Sorry can’t agree there Patricia. Take James for an example, he has been called a troll at times and although I don’t agree with his politics, he does put up valid opinion at times. but I think with James the majority of the time it is a wind up to get an re action Treat it as such. The only time I replied to one of his comments I started with the sentence with something like ” I’ll play your silly game James” etc Start off with something like that and it will emmediately takes the wind out of their sales.
      The other thing is, there are a lot of bright people who visit this site and I am sure they can handle or just ignore these trools when they visit.
      Well, that’s my opinion for what It’s worth.

      • patricia bremner 11.1.1

        Fair enough halfcrown. You are right, as reading others comments I realise I’m just annoyed at the interruption to the flow of thought those trite comments cause.

  12. Ankerrawshark 12

    My wholehearted thanks to I prent. And to all the other contributors. I wasn’t that political when I first started to visit the site (circa 2011). I was becoming increasingly concerned about the Key govt. I credit the standard with being hugely motivating for me and increasing my awareness of what’s really going on.

    Happy new year everyone. And thanks to everyone who participates in the standard….I rarely miss a day of it and often I find out what is going on here before anywhere else.

  13. WeTheBleeple 13

    I’d pretty much given up on regular news and all manner of social media till I found TS.

    I’d not like the place so much without the range of people who comment.

    The fact I (and others) have over time toned down internet language/behavior voluntarily, or with a nudge, speaks volumes about the nature of TS at present, and the value of the content and community.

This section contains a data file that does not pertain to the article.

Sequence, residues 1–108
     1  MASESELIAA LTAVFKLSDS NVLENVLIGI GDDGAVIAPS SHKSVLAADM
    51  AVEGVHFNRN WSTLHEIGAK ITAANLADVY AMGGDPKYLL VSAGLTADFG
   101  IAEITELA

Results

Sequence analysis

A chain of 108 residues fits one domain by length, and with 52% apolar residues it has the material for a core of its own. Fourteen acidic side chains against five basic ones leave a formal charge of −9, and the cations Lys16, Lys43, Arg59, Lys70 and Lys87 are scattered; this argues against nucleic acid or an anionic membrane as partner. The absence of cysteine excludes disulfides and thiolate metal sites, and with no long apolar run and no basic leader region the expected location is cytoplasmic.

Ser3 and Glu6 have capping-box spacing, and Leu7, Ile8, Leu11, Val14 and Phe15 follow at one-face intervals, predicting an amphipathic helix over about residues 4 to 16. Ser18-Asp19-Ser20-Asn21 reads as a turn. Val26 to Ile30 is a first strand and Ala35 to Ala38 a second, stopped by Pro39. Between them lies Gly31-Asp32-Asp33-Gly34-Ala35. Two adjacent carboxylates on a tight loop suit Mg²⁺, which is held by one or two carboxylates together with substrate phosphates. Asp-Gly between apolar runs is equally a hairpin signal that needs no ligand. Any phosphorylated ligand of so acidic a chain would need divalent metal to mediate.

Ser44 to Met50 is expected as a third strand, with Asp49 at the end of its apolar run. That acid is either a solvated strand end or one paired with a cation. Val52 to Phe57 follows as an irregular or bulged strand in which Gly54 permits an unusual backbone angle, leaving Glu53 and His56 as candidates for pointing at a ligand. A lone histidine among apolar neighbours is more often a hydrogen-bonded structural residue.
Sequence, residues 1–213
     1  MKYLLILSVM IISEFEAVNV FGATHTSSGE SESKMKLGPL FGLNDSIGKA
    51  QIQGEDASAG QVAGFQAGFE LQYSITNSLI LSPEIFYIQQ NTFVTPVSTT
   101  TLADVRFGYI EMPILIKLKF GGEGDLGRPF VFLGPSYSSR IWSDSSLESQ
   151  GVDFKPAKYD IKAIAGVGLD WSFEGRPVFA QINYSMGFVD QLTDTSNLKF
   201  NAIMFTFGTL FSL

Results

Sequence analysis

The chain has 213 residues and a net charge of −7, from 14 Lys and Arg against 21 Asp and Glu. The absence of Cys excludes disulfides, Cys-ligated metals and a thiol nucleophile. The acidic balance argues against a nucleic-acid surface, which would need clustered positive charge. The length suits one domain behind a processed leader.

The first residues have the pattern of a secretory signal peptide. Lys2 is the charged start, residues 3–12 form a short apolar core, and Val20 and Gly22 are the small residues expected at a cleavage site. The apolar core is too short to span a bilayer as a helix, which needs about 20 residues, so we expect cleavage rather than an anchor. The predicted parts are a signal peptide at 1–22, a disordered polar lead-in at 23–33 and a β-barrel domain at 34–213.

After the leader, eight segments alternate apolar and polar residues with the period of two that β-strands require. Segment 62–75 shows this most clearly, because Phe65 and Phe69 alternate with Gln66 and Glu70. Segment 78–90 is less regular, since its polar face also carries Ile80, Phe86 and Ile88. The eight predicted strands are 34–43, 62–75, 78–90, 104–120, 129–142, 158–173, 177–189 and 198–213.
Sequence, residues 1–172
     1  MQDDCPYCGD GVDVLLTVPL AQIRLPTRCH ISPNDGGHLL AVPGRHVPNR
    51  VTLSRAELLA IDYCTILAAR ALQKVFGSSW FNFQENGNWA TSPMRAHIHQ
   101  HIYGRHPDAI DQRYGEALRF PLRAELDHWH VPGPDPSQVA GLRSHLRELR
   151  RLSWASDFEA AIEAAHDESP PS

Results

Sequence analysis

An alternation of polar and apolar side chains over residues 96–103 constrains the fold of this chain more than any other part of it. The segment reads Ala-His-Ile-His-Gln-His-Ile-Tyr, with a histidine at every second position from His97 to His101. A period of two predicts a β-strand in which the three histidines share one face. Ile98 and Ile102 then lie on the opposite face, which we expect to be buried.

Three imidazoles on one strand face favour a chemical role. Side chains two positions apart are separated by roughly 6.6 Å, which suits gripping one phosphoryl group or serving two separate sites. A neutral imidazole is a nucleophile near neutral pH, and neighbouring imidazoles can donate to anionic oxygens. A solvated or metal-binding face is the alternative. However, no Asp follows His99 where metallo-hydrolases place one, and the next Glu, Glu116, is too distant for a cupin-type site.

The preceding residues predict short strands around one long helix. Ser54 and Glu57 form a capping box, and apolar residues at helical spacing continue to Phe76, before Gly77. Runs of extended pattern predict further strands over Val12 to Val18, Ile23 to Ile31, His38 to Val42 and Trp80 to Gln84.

Kudos.

  14. Westykev 14

    Congratulations on the 10 year anniversary. Been a regular reader for the past 8 years even though I’m a right-winger. Always good to read views different from your own and in some cases my view has changed. Wishing the Standard at least another 10 good years.

  15. Just let it evolve as is. We have seen the result of tinkering – inertia takes over and we end up in the same spot. It is what it is and I love it for that – sure a rest home, sure not many self identified Māori or many minority groups, sure women are represented, and sure the usual left racists and mysogynist wankers abound but it is a beautiful thing – finely balanced and traversing a knife edge of sensibilities it does the job magnificently. Thank you to everyone.

    • greywarshark 15.1

      Thank you for your words that add meaning and flavour to the mix marty mars.
      Kia kaha
      Meri Kirihimete me ngā mihi o te tau hou ki a koutou katoa.
      Mauri ora!
      (Got those from Omniglot Maori phrases – good for getting started or refreshing
      what I know. Guyon Espiner is such a show-off.)

      • greywarshark 15.1.1

        T S Elliot has words to say on how we go around and end up in the same spot but presumably with increased self-knowledge and appreciation of our lives and place, so not exactly the same – not deja vu.

        “We shall not cease from exploration
        And the end of all our exploring
        Will be to arrive where we started
        And know the place for the first time.”
        ― T. S. Eliot, Four Quartets

      • marty mars 15.1.2

        Thanks grey. I value your comments please keep them coming. I suppose I am a grumpy bastard but i really want to discuss left options and left thinking – I have less tolerance for farting around indulging James and arguing the same old bullshit with rwnjs. It really is just a waste of everything – but as you’ve said to me my opinion is just that and other people think different.
        I’ve read some interesting comments from so many strong lefties here, I’ve adjusted and readjusted my thinking within my left worldview and I love that. And this forum is good for that, the best in fact.